Rewind Review - Metroid Prime 3: Corruption

If you want an action-FPS Metroid title, look no further than Metroid Prime 3: Corruption

We have now arrived at Day 10 of the Metroid series Rewind Review. At this point we have traveled with Samus Aran through everything from her origins as a 2D adventure platformer, to her 3D action-adventures on the Gamecube and Nintendo DS. Today we will revisit Metroid Prime for the last time with Metroid Prime 3: Corruption.

Metroid Prime 3 shares the burden Prime 2: Echoes received as the Prime series became more and more of an action game instead of a Metroid game. Players have often been cited as complaining that the game "lacks the adventure aspects that made the series strong" or that "firing the same weapon all game is lame and repetitive". Oddly enough, many of these complaints echo my praises of Metroid Prime: Hunters, and so as I enter Metroid Prime 3: Corruption for the second time ever the question in my head is: "Is Metroid Prime 3: Corruption a good Metroid game or action-FPS?"

As with all Rewind Reviews, Metroid Prime: Corruption will undergo a review process through the eyes of a modern critic. No nostalgia glasses, no excuses, no rationalizing hardware limitations, and no sparing myself from angry fans and readers. Nothing will excuse the game from anything that we - as modern gamers - would expect to see in the genre today. With that said, let's get our Phazon Enhancement Device Suits on and go into Hypermode as we hunt Dark Samus in Metroid Prime 3: Corruption on the Nintendo Wii.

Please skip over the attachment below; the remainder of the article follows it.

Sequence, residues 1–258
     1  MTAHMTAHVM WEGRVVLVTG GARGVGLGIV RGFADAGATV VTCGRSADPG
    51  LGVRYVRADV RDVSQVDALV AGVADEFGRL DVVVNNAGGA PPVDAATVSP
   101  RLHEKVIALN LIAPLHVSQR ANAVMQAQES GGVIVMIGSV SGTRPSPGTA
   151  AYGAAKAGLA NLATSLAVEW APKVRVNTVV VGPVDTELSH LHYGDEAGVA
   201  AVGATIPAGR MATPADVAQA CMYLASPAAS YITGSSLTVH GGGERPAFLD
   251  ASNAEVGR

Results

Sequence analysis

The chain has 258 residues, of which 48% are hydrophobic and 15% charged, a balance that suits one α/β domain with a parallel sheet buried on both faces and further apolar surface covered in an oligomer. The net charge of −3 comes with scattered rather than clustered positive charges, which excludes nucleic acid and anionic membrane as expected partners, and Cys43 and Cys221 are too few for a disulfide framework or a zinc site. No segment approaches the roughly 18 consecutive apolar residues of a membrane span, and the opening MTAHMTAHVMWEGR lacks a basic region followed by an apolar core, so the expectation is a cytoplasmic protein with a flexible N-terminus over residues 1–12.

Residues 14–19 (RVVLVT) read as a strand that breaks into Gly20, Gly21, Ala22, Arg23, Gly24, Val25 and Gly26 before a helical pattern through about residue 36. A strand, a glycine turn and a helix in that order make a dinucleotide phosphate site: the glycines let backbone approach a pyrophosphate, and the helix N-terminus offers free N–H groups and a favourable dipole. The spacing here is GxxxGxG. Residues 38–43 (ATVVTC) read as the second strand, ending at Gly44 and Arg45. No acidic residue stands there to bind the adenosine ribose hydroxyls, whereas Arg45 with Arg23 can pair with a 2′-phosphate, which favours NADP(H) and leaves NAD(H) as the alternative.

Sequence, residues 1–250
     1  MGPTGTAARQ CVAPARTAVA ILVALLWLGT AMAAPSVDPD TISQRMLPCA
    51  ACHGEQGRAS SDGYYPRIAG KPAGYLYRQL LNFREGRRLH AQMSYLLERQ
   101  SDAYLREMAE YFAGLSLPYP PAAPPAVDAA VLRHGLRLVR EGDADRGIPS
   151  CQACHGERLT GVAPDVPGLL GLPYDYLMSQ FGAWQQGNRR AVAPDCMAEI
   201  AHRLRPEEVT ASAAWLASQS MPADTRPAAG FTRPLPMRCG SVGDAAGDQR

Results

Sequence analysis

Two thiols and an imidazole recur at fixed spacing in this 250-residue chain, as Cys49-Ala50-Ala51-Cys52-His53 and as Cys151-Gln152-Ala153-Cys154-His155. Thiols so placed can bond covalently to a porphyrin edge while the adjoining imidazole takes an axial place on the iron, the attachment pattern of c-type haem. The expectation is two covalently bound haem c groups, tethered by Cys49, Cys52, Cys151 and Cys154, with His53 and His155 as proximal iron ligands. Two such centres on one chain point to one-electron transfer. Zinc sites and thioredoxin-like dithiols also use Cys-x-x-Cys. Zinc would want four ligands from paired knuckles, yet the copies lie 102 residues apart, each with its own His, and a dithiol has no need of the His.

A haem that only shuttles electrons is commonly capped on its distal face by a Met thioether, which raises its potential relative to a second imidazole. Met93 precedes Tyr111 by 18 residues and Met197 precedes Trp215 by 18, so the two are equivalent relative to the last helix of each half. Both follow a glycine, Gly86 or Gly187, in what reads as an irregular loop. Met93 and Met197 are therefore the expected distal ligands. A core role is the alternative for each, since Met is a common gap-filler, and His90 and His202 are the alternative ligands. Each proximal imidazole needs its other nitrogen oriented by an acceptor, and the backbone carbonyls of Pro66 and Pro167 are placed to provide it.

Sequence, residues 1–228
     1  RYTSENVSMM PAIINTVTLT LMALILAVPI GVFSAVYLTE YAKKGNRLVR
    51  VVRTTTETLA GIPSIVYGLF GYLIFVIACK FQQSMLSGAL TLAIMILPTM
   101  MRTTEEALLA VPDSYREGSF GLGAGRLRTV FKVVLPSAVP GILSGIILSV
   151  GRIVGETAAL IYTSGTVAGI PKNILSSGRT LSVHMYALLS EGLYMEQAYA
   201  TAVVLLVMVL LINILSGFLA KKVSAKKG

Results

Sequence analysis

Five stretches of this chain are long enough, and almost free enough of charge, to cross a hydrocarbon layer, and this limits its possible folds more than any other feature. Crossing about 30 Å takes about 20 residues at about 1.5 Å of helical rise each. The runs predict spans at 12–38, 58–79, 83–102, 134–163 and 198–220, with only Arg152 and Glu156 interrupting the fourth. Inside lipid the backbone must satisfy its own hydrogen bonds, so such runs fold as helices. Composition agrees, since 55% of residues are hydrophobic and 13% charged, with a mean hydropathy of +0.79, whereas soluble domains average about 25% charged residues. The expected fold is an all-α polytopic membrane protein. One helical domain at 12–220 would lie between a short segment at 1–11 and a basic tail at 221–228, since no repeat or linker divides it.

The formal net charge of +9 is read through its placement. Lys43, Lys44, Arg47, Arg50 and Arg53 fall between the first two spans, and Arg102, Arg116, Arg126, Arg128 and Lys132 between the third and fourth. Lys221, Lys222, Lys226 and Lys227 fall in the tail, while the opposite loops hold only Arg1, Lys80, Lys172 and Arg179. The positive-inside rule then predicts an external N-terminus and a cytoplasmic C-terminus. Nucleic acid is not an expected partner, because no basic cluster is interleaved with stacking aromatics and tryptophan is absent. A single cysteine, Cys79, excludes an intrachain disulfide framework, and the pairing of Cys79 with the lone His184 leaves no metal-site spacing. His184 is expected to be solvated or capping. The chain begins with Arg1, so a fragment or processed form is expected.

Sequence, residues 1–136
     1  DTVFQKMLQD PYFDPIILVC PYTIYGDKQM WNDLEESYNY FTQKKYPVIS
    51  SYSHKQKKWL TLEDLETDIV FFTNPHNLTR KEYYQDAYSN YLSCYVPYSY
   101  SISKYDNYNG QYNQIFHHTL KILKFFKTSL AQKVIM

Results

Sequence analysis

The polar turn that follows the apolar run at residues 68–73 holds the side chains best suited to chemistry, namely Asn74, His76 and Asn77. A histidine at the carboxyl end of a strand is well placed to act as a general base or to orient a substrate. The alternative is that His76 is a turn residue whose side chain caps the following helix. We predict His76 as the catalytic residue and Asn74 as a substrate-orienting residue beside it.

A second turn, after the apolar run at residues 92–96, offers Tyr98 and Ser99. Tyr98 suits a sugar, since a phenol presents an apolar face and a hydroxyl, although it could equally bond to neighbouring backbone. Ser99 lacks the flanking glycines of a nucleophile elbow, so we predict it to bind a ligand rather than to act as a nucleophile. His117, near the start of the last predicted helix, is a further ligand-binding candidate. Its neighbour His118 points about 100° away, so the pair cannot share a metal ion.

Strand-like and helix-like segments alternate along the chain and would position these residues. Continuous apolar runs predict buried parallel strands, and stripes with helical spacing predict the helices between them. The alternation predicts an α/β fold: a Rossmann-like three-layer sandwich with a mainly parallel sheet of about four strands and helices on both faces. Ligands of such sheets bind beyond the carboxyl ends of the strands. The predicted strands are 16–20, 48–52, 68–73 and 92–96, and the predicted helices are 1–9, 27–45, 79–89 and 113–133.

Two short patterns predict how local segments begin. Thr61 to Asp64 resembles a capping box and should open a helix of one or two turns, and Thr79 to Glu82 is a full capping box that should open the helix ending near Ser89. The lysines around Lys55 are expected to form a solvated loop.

The Plot

It just wouldn't be a Retro Studios Prime game without a plot, would it? As expected, Metroid Prime 3: Corruption takes place after the previous title Metroid Prime 2: Echoes. Six months after saving the world of Aether from obliteration by the hands of the vile parasitic Ing, Samus Aran arrives upon the G.F.S. Olympus and meets with fellow bounty hunters (who are allies this time): Ghor, Rundas, and Gandrayda.


From left to right: Gandrayda, Rundas, Samus, and Ghor

While the bounty hunters were originally hired to cure a Federation Aurora Unit (think Mother Brain, but a good guy) from a Space Pirate virus, an attack by the latter group commences, forcing the Federation to dispatch their newly contracted hunters to Norion. There, Samus encounters a number of Phazon Enhancement Device Troopers (PED Trooper for short) fighting against the Space Pirates. Samus also encounters a resurrected Ridley and the two plummet down an energy shaft - locked in combat - until Samus is saved by Rundas who rides in on this totally awesome ice-wave-thing that I really wish I could get in the game! *cough* Sorry about that, almost lost myself there.

Once the three energy generators are online, Samus travels to the canon in an attempt to activate the planet's laser cannon to destroy an incoming Leviathan, the likes of which brings Dark Samus to the planet. All four of the bounty hunters are shot by the phazon clone, rendering them all unconscious. Samus recovers briefly to activate the cannon, and after that falls into a month-long comatose.

Samus's PED suit allows her to activate "Hypermode", a state that renders her invincible to most attacks, and simultaneously amplifies all damage output